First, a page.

CONFERENCE PREVIEW: PHOTONICS WEST 2007Biomedical optics will open conference at a fast pace

Dec. 1, 2006
The International Society for Optical Engineering (SPIE; Bellingham, WA) and the San Jose, CA, Housing Bureau sold out seven downtown hotels for SPIE Photonics West 2007 on the first day of registration, a record that organizers believe presages record attendance in excess of 15,000 visitors to take in 1000 exhibiting companies, 2800 technical presentations and 75 courses.
Two-day BiOS will be followed by a wide range of Photonics West sessions, from MEMS, nanostructures, displays, and optoelectronic devices, to back-to-back joint sessions highlighting the development of lasers in silicon.


The International Society for Optical Engineering (SPIE; Bellingham, WA) and the San Jose, CA, Housing Bureau sold out seven downtown hotels for SPIE Photonics West 2007 on the first day of registration, a record that organizers believe presages record attendance in excess of 15,000 visitors to take in 1000 exhibiting companies, 2800 technical presentations and 75 courses.

Photonics West 2007 kicks off at 8:30 a.m. Saturday morning, Jan. 20, 2007, with refresher courses and biomedical optics (BiOS) technical sessions. The two-day BiOS commercial exhibit opens at 1 p.m. and BiOS Hot Topics will be presented from 7 to 9:30 p.m. BiOS technical presentations span a gamut that includes biophotonic imaging, screening, and diagnostic technologies, as well as promising advances in biophotonic treatment methods.

Researchers from Intel will discuss the ongoing development of the hybrid silicon laser in one of two sessions on silicon optoelectronics scheduled for Wednesday.
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In a session on multimodality imaging beginning at 1:30 p.m. on Saturday, four papers deal with optical imaging techniques applied in human studies. The novel optical techniques are used to complement established medical imaging modalities (such as x-ray and MRI) in diagnosing cancer and providing personalized approaches to therapy. They are essentially bridging the gap between established medical imaging modalities and the promise of molecular imaging.

One of these papers (6431-11), an exploratory pilot study presented by Catherine Klifa from the University of California-San Francisco, combines magnetic-resonance imaging (MRI) and diffuse optical spectroscopy (DOS) to predict breast-tissue response to radiation therapy for cancer. The researchers found that several DOS and MRI parameters appear promising for distinguishing spatially dependent and radiation-dose-dependent changes in the fibroglandular stroma of breast-cancer patients.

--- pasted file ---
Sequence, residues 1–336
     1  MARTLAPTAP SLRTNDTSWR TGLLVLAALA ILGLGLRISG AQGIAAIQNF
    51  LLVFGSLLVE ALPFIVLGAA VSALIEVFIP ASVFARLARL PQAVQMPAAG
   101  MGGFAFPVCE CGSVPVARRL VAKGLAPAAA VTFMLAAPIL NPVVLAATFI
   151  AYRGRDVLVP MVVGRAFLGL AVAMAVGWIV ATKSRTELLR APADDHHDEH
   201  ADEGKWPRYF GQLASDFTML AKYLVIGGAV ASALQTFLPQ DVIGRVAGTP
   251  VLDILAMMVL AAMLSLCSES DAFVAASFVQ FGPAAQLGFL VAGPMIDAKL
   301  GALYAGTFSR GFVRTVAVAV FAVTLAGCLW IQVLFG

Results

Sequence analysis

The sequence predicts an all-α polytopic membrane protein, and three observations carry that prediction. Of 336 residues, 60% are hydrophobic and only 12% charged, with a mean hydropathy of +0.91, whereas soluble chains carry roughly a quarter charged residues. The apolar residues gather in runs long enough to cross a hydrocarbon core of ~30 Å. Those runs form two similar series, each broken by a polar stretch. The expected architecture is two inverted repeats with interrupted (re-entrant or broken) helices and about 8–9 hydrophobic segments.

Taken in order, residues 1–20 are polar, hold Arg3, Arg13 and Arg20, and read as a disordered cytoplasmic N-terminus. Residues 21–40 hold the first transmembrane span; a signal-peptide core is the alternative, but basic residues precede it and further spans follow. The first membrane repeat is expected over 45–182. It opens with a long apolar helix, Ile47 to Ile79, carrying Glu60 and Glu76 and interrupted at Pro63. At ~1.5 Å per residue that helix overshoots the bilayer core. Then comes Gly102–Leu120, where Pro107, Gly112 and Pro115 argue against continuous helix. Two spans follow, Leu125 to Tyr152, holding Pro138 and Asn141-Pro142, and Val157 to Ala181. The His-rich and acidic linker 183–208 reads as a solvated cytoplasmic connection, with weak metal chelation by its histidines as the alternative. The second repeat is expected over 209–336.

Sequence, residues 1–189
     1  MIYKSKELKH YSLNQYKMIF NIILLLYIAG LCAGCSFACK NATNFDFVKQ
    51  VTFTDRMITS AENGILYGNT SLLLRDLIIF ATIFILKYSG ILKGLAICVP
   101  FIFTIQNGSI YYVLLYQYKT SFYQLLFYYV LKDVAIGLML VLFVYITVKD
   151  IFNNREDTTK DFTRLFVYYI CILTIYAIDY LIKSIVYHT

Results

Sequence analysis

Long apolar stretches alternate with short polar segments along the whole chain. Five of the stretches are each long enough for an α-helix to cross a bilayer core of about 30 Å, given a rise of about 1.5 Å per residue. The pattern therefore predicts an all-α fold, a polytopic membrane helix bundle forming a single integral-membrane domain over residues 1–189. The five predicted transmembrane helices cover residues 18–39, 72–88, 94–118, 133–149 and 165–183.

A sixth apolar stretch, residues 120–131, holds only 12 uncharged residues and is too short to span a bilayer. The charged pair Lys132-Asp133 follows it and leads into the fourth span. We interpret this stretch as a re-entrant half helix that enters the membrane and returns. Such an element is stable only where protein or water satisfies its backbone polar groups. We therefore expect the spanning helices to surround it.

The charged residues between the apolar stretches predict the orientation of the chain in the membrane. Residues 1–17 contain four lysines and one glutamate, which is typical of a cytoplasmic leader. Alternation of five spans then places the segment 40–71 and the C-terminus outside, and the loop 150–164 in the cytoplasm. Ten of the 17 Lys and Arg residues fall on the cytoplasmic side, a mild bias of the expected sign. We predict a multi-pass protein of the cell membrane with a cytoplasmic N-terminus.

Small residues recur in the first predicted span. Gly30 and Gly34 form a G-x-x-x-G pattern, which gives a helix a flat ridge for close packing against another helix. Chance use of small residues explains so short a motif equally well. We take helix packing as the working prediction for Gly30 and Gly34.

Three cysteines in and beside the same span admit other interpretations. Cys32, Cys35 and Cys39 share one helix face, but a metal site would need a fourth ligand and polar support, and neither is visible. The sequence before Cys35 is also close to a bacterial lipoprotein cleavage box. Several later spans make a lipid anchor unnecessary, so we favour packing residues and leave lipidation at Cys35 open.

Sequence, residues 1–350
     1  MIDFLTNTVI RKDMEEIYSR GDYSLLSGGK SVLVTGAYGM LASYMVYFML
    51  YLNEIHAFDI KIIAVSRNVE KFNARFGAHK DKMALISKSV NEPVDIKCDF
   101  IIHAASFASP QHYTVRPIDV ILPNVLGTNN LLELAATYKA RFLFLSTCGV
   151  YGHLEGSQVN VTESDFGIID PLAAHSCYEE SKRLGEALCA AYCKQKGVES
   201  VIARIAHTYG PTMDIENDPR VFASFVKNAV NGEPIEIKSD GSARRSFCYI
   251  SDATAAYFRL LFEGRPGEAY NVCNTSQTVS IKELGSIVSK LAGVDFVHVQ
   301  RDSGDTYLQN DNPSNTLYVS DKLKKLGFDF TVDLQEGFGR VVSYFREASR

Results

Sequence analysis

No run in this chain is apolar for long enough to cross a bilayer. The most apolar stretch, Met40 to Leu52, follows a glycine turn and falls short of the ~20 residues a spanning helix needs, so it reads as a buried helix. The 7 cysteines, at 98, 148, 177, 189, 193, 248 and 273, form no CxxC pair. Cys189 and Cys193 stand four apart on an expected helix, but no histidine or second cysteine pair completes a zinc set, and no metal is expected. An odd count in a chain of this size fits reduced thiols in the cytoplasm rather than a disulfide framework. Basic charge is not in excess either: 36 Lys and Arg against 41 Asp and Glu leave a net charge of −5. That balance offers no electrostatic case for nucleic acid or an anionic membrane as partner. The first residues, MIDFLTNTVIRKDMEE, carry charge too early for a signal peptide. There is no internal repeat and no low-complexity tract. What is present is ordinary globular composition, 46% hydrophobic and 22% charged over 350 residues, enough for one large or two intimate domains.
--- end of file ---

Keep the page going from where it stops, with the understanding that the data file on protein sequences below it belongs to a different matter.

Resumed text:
Another paper (6431-14) in the same session, given by Mario Khayat of ART Advanced Research Technologies (Saint-Laurent, Quebec, Canada), presents tissue-characterization results from a multi-site clinical study targeting optical tomography as an adjunct to conventional mammography. Also presented is the methodology used to translate the optical data to a more familiar x-ray paradigm.

In paper 6431-13, Sacha Loiseau of Mauna Kea Technologies (Paris, France) describes how endomicroscopy has opened completely new possibilities for in situ assessment of tissue properties and pathologies. Solutions that were limited to tabletop ex vivo observations, such as multilabeling, fluorescence and autofluorescence microscopy, reflectance, and spectroscopy, may now be available as point-of-care modalities (see Fig. 1).

FIGURE 1. Images of healthy colonic crypts (top) and lymphocytic colitis (bottom) are actually mosaics of corresponding real-time 12-frames-per-second sequences. They represent the fully reconstructed path followed by the probe in the colon and the assembled images, taking into account factors such as nonrigid deformations, displacement speed of the probe, and peristaltic motions.